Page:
The girls in our school mothers programme in Uganda participate in annual writing competitions. These writing competitions allow girls to share their struggles and worries with each other and develop their own voice. They are also a chance to win awards and scholarhsips to help with school costs. Here is the story that one of the girls, Akello, wrote about her struggle for education.
During holiday break, I go home and live with my parents. Teaachers always tell me to live my studies and read my books during the holidays. But usually, my parents want me to be useful. I end up digging in the garden and doing chores from morning up to sunset. I don’t want to seem like I’m bragging that I’m in secondary school and too good to work in the garden so I don’t refuse. I try my level best to not disturb them, but I feel like I’m in the way.
My parents keep saying soon I will have to earn my own school fees if I want to continue. I keep pleading with them to let me continue. My mum would rather my sisters and me to get married. One of my sisters already left school to get married. Parents are a big challenge. They always want us to get married, epseically because they get a bride price. There is no way we as girls can say no because our parents always say they bore us and we owe them. There are some parents who support their girls, but not me. I feel very alone. It is not that I blame them. They don’t know what they are doing. They never went to school and don’t even know any educated persons. Making them see that having an education is a serious issue is a problem.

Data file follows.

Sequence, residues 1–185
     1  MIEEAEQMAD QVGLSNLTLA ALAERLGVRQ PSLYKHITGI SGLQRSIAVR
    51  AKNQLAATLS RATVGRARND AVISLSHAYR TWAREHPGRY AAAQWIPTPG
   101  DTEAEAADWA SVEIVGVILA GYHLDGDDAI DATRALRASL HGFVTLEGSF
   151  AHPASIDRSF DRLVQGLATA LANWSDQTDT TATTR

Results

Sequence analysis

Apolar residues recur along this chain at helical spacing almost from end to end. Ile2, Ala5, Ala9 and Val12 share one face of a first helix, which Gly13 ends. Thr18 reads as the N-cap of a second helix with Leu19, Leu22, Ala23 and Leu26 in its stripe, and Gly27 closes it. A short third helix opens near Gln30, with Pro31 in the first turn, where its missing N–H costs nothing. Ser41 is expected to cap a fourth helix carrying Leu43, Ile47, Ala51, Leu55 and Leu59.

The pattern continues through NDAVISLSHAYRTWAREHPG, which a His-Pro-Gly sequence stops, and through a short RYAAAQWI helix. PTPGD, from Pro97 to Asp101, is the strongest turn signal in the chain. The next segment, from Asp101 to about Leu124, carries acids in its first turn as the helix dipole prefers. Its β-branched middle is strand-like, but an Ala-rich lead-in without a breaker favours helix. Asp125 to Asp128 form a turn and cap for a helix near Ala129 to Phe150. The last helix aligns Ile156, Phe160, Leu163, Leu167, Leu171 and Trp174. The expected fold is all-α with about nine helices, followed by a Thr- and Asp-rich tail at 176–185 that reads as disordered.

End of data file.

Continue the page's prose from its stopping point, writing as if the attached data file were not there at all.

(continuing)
My friend who also lives in the same community had a similar challenges. When she went back home during holidays, she got nothing done. Instead she’d become like a mother in the house, and look after the younger children. She even tried to stay with another friend, but just ended up working there too. She couldn’t keep going alone so she got married to an older man. He promised to keep her in school, but she got pregnant and stopped coming.
I will try my level best to continue my studies. I keep pressuring them to pay. If they stop paying, I will find some way to pay my own fees. I will also work hard in class even though there is no way I can ‘live my studies’ when I’m in the village.
We have also supported video projects for girls in South Sudan. Here is a great one which talks about girls challenges with work.